Gwangju Institute of Science and Technology (GIST) scientists use a water treatment for morphology control in the fabrication of active layer thin films, improving the performance and stability of large-area organic solar cells.
Morphology control is essentially about making and placing very small particles in their working position. Albeit somewhat a simplified description, as miniaturization becomes micro miniaturization and now molecule, crystal and sometimes even atom placement, the process engineering efforts are getting very challenging indeed. The efforts have been ongoing for decades. These are basic problems that sometimes simply stop great ideas from getting to market.
Until now a lack of morphology control of the active layer made it challenging to develop organic solar cells (OSCs) with large active areas.
OSCs, which use organic polymers to convert sunlight into electricity, have received considerable attention in recent times for their desirable properties as next-generation energy sources. These include lightweight, flexibility, scalability, and a high power conversion efficiency (>19%). Currently, several strategies exist for enhancing the performance and stability of OSCs. However, a problem that lingers on is the difficulty of controlling the morphology of the active layer in OSCs when scaling up to large areas. This makes it challenging to obtain high-quality active layer thin films and, in turn, fine-tune the device efficiency.
In a recent study, a team of researchers from the Gwangju Institute of Science and Technology, Korea set out to address this issue. In their work, published in Advanced Functional Materials, they suggested a solution that appears rather counterintuitive at first glance: using water treatment to control the active layer morphology.
Professor Dong-Yu Kim, who headed the study explained, “Water is known to hinder the performance of organic electronic devices, since it remains in the ‘trap states’ of the organic material, blocking the charge flow and degrading the device performance. However, we figured that using water rather than an organic solvent-based active solution as a medium of treatment method would enable necessary physical changes without causing chemical reactions.”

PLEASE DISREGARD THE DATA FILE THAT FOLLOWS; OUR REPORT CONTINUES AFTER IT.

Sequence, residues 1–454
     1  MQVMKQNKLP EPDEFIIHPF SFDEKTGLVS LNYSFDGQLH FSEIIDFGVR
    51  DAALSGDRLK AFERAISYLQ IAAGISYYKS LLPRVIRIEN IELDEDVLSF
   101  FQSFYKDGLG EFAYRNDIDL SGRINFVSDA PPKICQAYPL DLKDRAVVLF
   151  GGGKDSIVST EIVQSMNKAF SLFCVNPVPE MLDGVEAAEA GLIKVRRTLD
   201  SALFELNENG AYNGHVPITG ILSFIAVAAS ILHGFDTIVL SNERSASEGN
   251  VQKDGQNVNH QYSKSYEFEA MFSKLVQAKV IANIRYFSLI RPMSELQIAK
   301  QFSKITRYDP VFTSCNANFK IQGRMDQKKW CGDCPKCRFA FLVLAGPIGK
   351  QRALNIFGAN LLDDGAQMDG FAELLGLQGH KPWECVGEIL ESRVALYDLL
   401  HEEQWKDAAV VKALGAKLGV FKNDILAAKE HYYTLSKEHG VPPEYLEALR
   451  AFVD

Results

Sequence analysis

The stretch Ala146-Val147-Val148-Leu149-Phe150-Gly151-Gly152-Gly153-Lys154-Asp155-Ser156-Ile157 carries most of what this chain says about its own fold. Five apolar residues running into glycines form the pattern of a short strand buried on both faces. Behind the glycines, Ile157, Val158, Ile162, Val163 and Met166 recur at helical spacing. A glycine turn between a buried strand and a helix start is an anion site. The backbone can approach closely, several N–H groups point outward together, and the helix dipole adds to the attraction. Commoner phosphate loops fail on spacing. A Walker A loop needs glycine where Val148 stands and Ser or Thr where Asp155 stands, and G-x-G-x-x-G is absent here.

The researchers chose the polymers PTB7-Th and PM6 as donor materials and PC61BM and EH-IDTBR and Y6 as acceptor materials for the active layer.
They noticed that inducing a vortex to mix the donor and acceptor materials in the active solution could lead to a well-mixed active solution, yet it was not enough on its own. The active solution was hydrophobic and, accordingly, the researchers decided to use deionized (DI) water and vortices to stir the solution.
They let the donor and acceptor materials sit in chlorobenzene (host active solution) overnight, and then added DI water in the solution and stirred it, creating tiny vortices.
Due to the hydrophobic nature of the solution, the water pushed on the donor and acceptor molecules, causing them to dissolve more finely into the solution. They then let the solution rest, which caused the water to separate from the solution.
This water was then removed and the water-treated active solution was used to prepare thin films of PTB7-Th: PC61BM (F, fullerene), PTB7-Th: EH-IDTBR (NF, fullerene), and PM6: Y6 (H-NF, high-efficiency non-fullerene).
The researchers then examined the photovoltaic performance of these thin films in a slot-die-coated inverted OSC configuration and compared them with those for OSCs without water treatment.
Prof Kim noted, “We observed that the water-treated active solution led to a more uniform active layer thin films, which showed higher power conversion efficiencies compared to those not treated with water. Moreover, we fabricated large-area OSC modules with an active area of 10 cm2, which showed a conversion efficiency as high as 11.92% for water-treated H-NF films.”
Overall, this study provides a guideline for developing large-scale, efficient OSCs using a remarkably easy, economical, and eco-friendly method, which can open doors to their realization and commercialization.
In case you were wondering where the large organic solar cells were, this post shows what has been and what might be coming. This process has produced OSCs to better than ½ of the efficiency potential and they wouldn’t cost a small fortune.
This post is an opportunity to show those who wonder “what happened to that great idea?” that comes up for a lot of what we see on these pages. This work from Korea is quite newsworthy, welcome and shows great innovation in a perplexing problem.
Everyone keep in mind there are thousands more perplexing problems out there. One could say engineering is making things with the systems and tooling that exist to get certain functions underway. Things to come to a stop if the systems simply haven’t been discovered yet.
By Brian Westenhaus via New Energy And Fuel
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